Last night my chocolate revolted when I added a little  Bailey’s Irish Cream. Turns out the cream base was the problem, so next time I’ll use the rum or brandy suggested. But never fear. I just returned the pan to the double-boiler for a minute and the hardened chocolate quickly re-melted to the same perfect consistency I had before. And once it was mixed in with the cream, no one knew a thing.

Until now, I guess!

The Best Baked Plans of Hungry Men Often Go Awry :(

Thursday, January 6, 2011
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It should’ve worked.

I had some fresh spinach on its last legs, a delicious chunk of seasoned goat cheese on my hands – and a plan! I could take a few items I needed to use up and turn them into a deliciously different dinner for the fam: Yummy Stuffed Chicken. After a quick trip to Kroger for fat chicken breasts, I was ready to go …

I sauteed the spinach in garlic and olive oil until soft and fragrant, then browned the chicken in a hot pan with just a touch of bacon grease to get a nice sear, not to mention added flavor. After removing the chicken to a plate, I carefully cut a slit in each breast and stuffed them with the spinach mixture and a thick slab of the seasoned goat cheese. Then I put them in the oven to bake to juicy perfection.

Which they did.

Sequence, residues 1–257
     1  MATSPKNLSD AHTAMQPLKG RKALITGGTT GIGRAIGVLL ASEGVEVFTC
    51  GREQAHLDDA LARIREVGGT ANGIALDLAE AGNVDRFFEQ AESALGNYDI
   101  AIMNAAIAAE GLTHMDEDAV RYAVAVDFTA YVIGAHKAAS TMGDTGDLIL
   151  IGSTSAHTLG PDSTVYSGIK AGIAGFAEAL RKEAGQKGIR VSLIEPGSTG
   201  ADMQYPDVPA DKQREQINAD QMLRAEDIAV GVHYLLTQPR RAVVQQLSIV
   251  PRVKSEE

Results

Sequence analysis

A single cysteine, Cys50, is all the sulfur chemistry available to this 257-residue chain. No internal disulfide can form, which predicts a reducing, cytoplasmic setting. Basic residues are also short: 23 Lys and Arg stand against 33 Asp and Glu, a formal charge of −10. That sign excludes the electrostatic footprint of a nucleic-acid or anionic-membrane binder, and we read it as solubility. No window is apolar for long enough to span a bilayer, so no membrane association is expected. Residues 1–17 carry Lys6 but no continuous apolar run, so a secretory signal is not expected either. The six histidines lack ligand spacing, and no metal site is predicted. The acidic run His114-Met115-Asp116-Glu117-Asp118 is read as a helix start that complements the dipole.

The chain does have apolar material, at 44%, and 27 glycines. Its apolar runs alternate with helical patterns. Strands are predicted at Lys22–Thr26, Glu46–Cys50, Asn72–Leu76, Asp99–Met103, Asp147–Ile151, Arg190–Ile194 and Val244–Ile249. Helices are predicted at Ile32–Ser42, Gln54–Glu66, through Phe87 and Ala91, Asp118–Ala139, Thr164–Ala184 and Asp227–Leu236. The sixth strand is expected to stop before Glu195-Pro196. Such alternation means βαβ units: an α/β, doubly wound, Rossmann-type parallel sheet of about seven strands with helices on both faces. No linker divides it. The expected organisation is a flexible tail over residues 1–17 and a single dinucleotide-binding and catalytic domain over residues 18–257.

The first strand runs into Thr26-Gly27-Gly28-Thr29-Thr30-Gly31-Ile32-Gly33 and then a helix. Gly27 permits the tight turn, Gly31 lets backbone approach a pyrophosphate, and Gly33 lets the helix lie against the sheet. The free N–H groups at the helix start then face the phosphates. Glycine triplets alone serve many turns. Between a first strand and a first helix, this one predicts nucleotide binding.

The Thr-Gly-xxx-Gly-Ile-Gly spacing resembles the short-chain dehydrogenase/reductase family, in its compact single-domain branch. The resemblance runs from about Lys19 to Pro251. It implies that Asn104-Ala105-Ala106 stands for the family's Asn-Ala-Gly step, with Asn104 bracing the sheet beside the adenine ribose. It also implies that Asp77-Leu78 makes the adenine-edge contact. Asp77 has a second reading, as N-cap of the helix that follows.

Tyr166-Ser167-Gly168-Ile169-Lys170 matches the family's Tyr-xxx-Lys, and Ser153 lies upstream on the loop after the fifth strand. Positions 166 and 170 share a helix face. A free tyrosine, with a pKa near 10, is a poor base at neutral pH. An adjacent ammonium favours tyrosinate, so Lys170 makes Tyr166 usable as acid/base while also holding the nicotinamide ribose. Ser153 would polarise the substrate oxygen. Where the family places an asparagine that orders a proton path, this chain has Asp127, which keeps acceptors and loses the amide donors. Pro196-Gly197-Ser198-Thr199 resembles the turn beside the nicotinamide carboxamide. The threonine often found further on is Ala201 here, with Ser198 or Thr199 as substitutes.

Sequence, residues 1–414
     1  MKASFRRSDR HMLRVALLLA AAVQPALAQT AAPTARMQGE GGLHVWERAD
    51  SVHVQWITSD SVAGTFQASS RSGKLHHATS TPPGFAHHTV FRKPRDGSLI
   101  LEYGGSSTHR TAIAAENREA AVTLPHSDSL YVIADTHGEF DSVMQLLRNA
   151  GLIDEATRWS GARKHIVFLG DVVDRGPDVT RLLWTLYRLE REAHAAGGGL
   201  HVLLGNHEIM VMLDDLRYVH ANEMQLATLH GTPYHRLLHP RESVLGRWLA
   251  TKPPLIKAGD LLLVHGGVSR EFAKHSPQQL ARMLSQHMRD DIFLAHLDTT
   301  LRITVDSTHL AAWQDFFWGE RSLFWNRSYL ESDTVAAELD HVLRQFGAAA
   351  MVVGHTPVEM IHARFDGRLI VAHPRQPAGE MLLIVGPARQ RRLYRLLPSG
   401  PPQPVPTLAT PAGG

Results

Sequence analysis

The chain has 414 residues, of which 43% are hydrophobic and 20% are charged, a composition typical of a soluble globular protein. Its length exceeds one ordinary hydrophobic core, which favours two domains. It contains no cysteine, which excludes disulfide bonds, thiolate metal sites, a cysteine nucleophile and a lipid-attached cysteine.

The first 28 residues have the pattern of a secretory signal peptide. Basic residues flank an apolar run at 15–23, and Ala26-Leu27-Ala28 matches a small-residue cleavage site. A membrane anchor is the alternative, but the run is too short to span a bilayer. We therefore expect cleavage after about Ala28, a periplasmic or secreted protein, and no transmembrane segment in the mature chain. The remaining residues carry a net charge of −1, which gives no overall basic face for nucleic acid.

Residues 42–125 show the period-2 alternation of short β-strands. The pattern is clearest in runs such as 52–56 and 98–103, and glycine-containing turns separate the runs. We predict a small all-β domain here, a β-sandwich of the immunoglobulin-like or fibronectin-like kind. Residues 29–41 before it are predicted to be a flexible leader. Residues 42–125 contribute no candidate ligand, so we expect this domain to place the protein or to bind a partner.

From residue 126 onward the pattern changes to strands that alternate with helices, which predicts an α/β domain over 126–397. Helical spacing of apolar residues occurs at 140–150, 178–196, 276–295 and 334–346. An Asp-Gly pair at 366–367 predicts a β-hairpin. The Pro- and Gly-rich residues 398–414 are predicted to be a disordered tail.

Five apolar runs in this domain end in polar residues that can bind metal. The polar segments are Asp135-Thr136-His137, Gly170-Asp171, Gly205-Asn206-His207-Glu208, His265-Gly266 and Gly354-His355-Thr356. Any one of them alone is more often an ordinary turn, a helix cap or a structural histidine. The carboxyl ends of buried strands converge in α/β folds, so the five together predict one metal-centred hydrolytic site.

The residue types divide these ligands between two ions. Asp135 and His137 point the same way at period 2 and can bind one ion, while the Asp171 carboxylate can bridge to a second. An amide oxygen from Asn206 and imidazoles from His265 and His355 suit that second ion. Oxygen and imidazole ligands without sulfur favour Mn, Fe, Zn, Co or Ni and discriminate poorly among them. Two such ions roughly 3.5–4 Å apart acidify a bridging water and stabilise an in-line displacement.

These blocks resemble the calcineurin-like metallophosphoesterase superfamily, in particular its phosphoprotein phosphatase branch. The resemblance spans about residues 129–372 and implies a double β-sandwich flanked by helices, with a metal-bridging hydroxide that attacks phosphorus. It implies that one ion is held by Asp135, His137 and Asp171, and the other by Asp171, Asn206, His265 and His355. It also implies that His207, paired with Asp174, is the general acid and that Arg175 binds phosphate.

I checked them when the timer went off and they were gorgeous, juicy and perfectly cooked. I shut the oven door to grab oven mitts and … was immediately distracted by three little hooligans engaged in battle in the living room — armour, Lego artillery, screams and all. By the time I ran in to living room to make sure all were still breathing (and then raced back faster to retrieve my prized poultry) the dang dish was overcooked.

The filling was tasty and the flavors were spot-on, but the meat itself had dried out. Sigh.

But everyone ate, no one complained and the “battle” ended in three boys laughing hysterically on the floor. So I guess we can overlook a little dry chicken.

Bridge Road Bistro Does a Rockin’ New Year’s Eve Dinner

Monday, January 3, 2011
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For those who were intrigued by last week’s post, I gotta tell you that New Year’s Eve at Bridge Road Bistro totally rocked …